As a freelance/consultant has provided the opportunity to meet and work beside individuals with a wide range of experience and skills spanning many industries. Which has led me to help break down and discuss why knowing essential color toolsets will create a better end product. In writing this post I welcome constructive feedback to help improve the understanding for all experience levels. This information might be a good refresher for those with industry experience and for others that are just now stepping into the ocean waters help to connect the dots.

As designers we spend so much time developing our skills and techniques to showcase our designs for the world at large. Much of what we do is second nature or adapting our skills to meet the current trends of today. From many of my experiences dealing with designers color is thought about as a process that does not need much attention. Thus becoming an end process procedure. And print services seem to give out information that is generalized or very vague on how to output a file, mainly .pdf, for a CMYK Digital Printer. Leaving us as designers in the dark wondering how the final product is produced. And many times why we see varying results from the intention we created on our screen.

A proper question should be created during the planning phase of our design(s). Starting from what is this design(s) intention? Will it be for print? Or will it be for Electronic devices? Maybe it will be for both. We can begin to understand the abstract nature of RGB and CMYK when color is thought of as a tool. Knowing where to start these questions will help determine how to use color as a tool. This is only a step in the process when we design. Therefore, I would like start this question before design becomes a part of the equation. By asking, “How is the initial setup of the studio, our computer the design(s) will be created within?”

Knowing our computer configuration is set up to produce appropriate color is a key step to answer any of the above mentions of our design(s) intention.The proper setup and tools in our studio helps maintain color reproduction in hopes to prevent dramatic color shifts from Printer to Printer, Screen to Screen and Print to Screen and the opposite.If our screens have been calibrated and we have sought out the proper ICC profiles. Our questions become more relevant during the design process. I understand not everyone can invest into a X-Rite i1Display Pro or Spyder Colorimeter. Though I will say to save up and invest in one of these tools. This tool should be in the tool box for all designers or computer artists for all industries. These help us use the ICC profiles that manufactures and industry produce in order to achieve color accuracy. Which open the capabilities of on screen proofing help tremendously determining if the colors enhance or subtract from the final design.

Many of us are lead to use that RGB Color Space Profile and US Sheetfed Coated as a default profile. Which I am not saying this is wrong. Moreover, understanding that this is just a start/default setting and knowing how to control and manipulate our programs to use such profiles is where we go next. For more information Don Hutcheson with HutchColor has created .icc profiles that will improve the RGB color gamut.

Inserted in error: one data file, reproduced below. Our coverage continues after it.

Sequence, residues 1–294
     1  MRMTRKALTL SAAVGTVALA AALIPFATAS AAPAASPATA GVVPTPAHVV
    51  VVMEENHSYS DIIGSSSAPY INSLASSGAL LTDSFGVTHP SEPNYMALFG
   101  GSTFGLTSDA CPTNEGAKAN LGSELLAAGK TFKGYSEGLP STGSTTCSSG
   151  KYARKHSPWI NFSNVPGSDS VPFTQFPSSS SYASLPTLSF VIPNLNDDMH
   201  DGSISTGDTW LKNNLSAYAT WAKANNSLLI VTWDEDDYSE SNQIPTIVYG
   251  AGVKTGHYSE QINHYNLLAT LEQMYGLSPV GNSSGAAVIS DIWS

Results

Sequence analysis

Using the New Standards

Profiles for CMYK, use the version of the local regional standard such as FOGRA, SWOP2013 or GRACoL2013. Or choose a CMYK reference you have confirmed to be within the gamut of the print system. I have a Print client that I have a extremely great relationship with. I took time to learn the printers they use and delve into what specs the Manufacturer recommends for design files when converted to CMYK. One digital printer wants a European Standard of color using the ISOcoated_v2_300_eci.icc profile. While another digital printer recommends the GRACoL2006_Coated1v2.icc. Knowing which printer allows me to use my programs to better output a file with a CMYK profile for printing. Taking the extra step to gain a good relationship has helped me produce quality results.

When the unknown of the digital printer comes up, which happens more often than not. The ICC has a profile that is an exchange for a “Pure Digital” process for .pdf/x output. And if we are so inclined IDEAlliance has a wonderful download called the “M1 Implementation Kit” which I would recommend downloading and reading all the documentation they have set up for use. They have catered to Adobe products, but these profiles can be used in other programs. Furthermore, the kit has settings to use the latest 2013 profiles.

However, as a safe fallback I would recommend using the 2006 ICC profiles for right now. Most printers might not have updated the software to understand the 2013 ICC profiles and the 2006 ICC standards should work in the mean time. And further the knowledge base they have a new version of IDEAlliance Guide to Print Production. This is a great guide for anyone that is in design and print and anyone working in the Digital world. I’ll be writing a review of this in another blog soon.

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